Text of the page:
If a stunned America wakes up Wednesday morning to the improbable news that President Trump has won yet another upset victory, two prominent pollsters say the credit could go to an unlikely group of voters: Black men.
“If Donald Trump wins this — and I think he will, he will — he will owe this segment of the Black community his election,” pollster Robert Cahaly of the Trafalgar Group told InsideSources. He says his polling has shown a significant shift toward Trump among African-American males, which is one reason he is predicting another surprise Trump victory.
“We’re talking about more than 26 percent support in North Carolina. More than 28 percent in Florida. The high 20s in Nevada. These numbers were in the teens like Pennsylvania is, in all those states a week and a half ago,” Cahaly said.
The Trafalgar Group was the only major polling firm to accurately predict the outcome of the 2016 election.
Trafalgar is a Republican pollster and, therefore, some Joe Biden supporters dismiss their numbers as unreliable. Suffolk University’s David Paleologos, however, is widely viewed as a nonpartisan and reliable pollster. Suffolk does polling for USA Today and the liberal Boston Globe newspaper, and Paleologos sees a similar trend among Black voters.
Unlike Trafalgar, Paleologos isn’t predicting a Trump victory.
“Right now it doesn’t look too good for Trump because the ‘Blue Wall’ states [Wisconsin, Michigan and Pennsylvania] look decidedly blue.” But, he says, if there are hidden Trump voters out there, they are likely among two groups: Voters who say they’re economically better off today than four years ago and Black men.
“We’re noticing in our polling a little bit of a spike among African-American males, many of whom are not college educated,” Paleologos said. Trump’s strongest demographic is men without college degrees, many of whom work in blue-collar jobs.
“Many of these African-American men didn’t even participate in 2016 because Hillary Clinton was an awful continuance, they felt, to Barack Obama. Now some polls have African-American men voting for Donald Trump as high as 15 to 18 percent.”
And on Thursday, rapper Lil’ Wayne tweeted a photo with Trump and a message of support.
“Just had a great meeting with President Trump. What he’s done so far with criminal reform, the platinum plan is going to give the community real ownership. He listened to what we had to say today and assured he will and can get it done.”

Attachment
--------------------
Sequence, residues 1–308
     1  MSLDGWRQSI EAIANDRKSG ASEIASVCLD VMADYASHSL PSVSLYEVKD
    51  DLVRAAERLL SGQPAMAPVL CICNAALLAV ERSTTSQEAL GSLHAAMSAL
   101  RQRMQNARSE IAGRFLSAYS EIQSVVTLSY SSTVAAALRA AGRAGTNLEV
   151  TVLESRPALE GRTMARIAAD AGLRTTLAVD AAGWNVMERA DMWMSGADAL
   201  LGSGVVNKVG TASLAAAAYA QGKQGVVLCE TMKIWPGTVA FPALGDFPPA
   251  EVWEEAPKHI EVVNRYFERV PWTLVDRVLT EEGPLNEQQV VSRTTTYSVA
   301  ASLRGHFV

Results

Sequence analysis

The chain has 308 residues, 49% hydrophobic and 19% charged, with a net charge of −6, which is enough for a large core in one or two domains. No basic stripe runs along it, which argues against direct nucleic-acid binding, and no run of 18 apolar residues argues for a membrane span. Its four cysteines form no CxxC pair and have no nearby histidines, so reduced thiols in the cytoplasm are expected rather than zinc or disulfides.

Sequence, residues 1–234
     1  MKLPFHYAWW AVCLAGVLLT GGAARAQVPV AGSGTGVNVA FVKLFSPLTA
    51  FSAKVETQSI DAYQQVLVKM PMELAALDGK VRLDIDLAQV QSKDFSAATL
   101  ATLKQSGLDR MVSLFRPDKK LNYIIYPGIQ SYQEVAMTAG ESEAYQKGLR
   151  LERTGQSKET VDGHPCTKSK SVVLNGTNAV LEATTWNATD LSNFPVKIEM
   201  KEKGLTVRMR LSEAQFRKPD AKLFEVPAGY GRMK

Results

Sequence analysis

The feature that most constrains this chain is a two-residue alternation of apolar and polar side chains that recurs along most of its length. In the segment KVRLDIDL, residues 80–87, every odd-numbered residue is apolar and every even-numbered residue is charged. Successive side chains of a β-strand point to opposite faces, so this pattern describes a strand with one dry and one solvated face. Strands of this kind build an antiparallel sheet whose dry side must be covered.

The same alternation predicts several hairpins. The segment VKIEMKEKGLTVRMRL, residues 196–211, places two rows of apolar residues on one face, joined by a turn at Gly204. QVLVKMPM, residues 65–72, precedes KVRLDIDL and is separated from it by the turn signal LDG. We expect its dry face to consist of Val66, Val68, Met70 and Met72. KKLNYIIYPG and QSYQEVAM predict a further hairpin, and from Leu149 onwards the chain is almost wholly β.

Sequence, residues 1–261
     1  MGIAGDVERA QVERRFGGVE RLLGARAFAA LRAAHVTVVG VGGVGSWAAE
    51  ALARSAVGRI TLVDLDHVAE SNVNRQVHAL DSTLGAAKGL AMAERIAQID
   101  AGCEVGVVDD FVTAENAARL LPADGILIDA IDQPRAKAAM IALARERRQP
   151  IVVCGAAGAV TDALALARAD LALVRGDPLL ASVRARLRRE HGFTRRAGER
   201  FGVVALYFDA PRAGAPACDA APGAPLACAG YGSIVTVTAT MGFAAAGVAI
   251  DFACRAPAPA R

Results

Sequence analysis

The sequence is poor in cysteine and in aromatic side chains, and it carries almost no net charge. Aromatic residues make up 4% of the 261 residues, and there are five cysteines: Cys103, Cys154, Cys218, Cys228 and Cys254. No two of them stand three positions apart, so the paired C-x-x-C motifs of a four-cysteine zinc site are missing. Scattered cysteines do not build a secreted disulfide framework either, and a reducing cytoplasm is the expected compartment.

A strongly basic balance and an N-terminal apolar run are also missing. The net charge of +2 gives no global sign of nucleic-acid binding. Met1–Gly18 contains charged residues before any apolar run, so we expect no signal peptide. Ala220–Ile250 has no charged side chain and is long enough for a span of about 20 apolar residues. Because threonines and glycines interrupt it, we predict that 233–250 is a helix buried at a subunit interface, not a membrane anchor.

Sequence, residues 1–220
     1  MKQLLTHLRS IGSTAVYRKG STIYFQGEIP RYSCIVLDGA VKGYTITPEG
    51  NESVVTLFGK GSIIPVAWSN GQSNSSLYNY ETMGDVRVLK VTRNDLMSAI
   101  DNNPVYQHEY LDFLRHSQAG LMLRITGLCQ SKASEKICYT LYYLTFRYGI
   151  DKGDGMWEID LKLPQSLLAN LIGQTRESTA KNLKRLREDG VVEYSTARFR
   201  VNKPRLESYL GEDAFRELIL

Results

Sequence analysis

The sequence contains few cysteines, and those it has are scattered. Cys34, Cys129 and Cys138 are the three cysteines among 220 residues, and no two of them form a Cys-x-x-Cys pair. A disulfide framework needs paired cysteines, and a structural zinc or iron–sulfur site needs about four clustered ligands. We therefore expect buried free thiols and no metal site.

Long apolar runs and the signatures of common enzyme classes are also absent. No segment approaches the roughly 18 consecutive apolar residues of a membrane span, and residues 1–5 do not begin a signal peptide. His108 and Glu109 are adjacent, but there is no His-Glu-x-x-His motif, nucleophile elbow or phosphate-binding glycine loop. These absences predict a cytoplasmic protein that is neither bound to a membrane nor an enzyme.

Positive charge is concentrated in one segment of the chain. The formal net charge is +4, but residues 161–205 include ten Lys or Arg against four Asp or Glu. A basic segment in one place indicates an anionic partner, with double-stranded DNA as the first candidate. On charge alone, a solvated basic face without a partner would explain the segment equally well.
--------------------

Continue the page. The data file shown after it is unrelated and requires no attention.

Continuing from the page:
Democrats like veteran political strategist Bob Shrum dismiss the notion of a Trump surge among Black voters as political desperation.
“I think it’s crazy, not least because there is no reason for it,” said Shrum, director of the Center for the Political Future at the University of Southern California. “I think these days immediately before the election are like the re-entry of the space capsule. For a period of time, we don’t know what’s going on — and that leads to all sorts of speculation.”
Joel Payne, an African American Democratic consultant who worked on the 2016 Hillary Clinton campaign, is also unimpressed. There may be a small bump among Black men, but it won’t matter.
“Could Trump get up to 15, 18, 20 percent of the Black male vote — sure? But will it be enough to offset the losses he’s suffering among suburban women and older voters? No way.”
As for Trump’s support among younger, non-college-educated Black men, Payne says that has to do more with pop culture than politics. “I can point to five different rap songs where “rich like Trump” is a thing. He was on professional wrestling, he did appearances with Don King. That’s how a lot of young, Black men first became aware of Donald Trump.”
Cahaly’s response to these arguments is that his polling is picking up a more serious shift, based on policy not TV appearances.
“What we’re hearing from people is that they were watching the debate [between Trump and Biden] and they saw Trump go through a litany of things he did for the Black community, and they didn’t believe it. So they Googled it and saw it was real.”
On the list, Cahaly said, were Trump’s funding for historically black colleges and universities, the First Step criminal reform bill and his ‘Platinum Plan’ to help the African American community. Pro-Trump comments from people like Kanye West, 50 Cent and Lil’ Wayne have had some impact as well, even if —as in the case with rapper 50 Cent — they were later recanted.
“If Trump has this victory, he will because of this segment of the Black community, because other segments Republicans have long relied on, Trump is not relying on this year,” Cahaly said.
Nonsense, says Shrum. “I’m with Nate Silver at FiveThirtyEight,” he said. “I don’t put much credit in Trafalgar.”